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Planning reporters delivered an improved performance during 2019/20

Words: Roger Milne
Scotland debates the planning bill / iStock-146908761

The latest annual review published by the Scottish Government’s Planning and Environmental Appeals Division (DPEA) has highlighted improvements in performance, with 82 per cent of appeals decided within the target period during 2019/20 compared with 74 per cent over the preceding 12 months.

During 2019/20 the DPEA decided 90 per cent of appeals by initial written submissions and a site inspection within the 12-week target. The comparative figures were 82 per cent in 2018/19 and 72 per cent in 2017/18. 

The overall average time of 11 weeks for deciding appeals following this procedure compared with an average time of 11.6 weeks in 2018/19 and 12.6 weeks in 2017/18. 

In more complex appeals in which the reporter asked for further written submissions, the 20-week target was met in 73 per cent of cases with an average time of 20.7 weeks. This was a marked improvement over the two previous years.

A high proportion of complex cases, chiefly road orders, CPOs, section 36 cases and residential appeals contributed to the perennial problem of allocating cases to reporters and the scheduling of hearings.

The DPEA did not meet targets for cases conducted by hearings or inquiries, although the number of these cases was relatively small – 10 cases out of 369.

In respect of the eight local development plan (LDP) examinations completed during 2019/20, the average time taken was 30.5 weeks, well within the target of 39 weeks. That compared with an average time of 41 weeks in 2018/19 and 45 weeks in 2017/18. 

Overall, the DPEA received 109 fewer cases last year than in the previous 12 months, but the caseload was up on both the 2016/17 and 2017/18 periods. There was a slight increase in appeals submitted electronically – 86 per cent were received by this means. 

The webcasting of hearings and inquiries continues to increase. Last year, 45 webcasts covering 14 cases resulted in 13,133 people visiting the DPEA website and collectively watching 2,006 hours of webcasts. A total of 800 people watched live webcasts of hearings and inquiries.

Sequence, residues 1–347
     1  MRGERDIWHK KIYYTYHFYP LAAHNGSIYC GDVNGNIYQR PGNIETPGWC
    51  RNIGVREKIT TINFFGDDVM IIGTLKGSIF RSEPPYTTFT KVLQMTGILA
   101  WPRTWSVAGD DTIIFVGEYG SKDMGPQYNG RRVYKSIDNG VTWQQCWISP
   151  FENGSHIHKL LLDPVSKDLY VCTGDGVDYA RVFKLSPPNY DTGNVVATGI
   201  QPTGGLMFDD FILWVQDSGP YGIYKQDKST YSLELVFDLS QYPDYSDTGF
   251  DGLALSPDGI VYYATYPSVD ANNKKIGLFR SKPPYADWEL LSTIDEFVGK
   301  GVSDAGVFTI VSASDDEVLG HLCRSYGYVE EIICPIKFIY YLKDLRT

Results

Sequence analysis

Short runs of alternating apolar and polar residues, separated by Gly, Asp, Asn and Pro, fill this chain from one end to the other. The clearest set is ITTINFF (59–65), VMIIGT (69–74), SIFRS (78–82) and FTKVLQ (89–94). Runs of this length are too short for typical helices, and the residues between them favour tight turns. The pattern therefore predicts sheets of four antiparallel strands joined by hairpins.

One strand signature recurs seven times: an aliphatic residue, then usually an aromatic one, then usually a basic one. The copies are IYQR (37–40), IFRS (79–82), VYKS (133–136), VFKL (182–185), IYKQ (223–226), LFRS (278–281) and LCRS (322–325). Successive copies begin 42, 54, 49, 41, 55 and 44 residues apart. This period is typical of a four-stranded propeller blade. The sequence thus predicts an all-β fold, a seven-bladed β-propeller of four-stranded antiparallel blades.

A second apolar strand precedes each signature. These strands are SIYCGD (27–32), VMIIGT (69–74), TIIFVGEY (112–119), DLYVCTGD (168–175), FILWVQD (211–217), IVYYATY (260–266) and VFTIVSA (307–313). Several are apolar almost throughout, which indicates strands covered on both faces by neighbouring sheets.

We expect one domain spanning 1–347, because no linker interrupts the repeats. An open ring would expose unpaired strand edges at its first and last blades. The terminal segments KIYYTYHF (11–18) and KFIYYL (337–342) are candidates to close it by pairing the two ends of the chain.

The DPEA highlighted that it is currently working with the government’s Planning and Architecture Division on how a DPEA feeing regime for appeals would operate if ministers decide to take this course.

The division has taken on a wider remit with examination powers in respect of low emission zone schemes and workplace parking levy schemes.

Over the past year there were several landmarks including the first dismissal of an appeal (using section 48(8) of the 1997 Act) in effect for want of prosecution; the first Court of Session challenge to a decision of a reporter in a high hedge notice appeal; and first reports to ministers in relation to community asset transfer schemes.

Other highlights involved a report to ministers in relation to a controversial golf course development proposed at Coul Links in Caithness, four section 36 wind farm applications and the consideration of proposals affecting the former Royal High School in Edinburgh. 

Decisions or reports were issued in relation to 46 housing appeals (of 10 units or more). DPEA reported to ministers following eight local development plan (LDP) examinations.

The review noted that with reporters workloads scheduled up to six months in advance, it was essential that councils provided accurate timescales of when LDPs would be submitted. Slippage on submission of plans meant delays in examinations starting with a knock-on impact on the time taken to complete the examination.

The report can be found on the Scottish Government website.

Image credit | iStock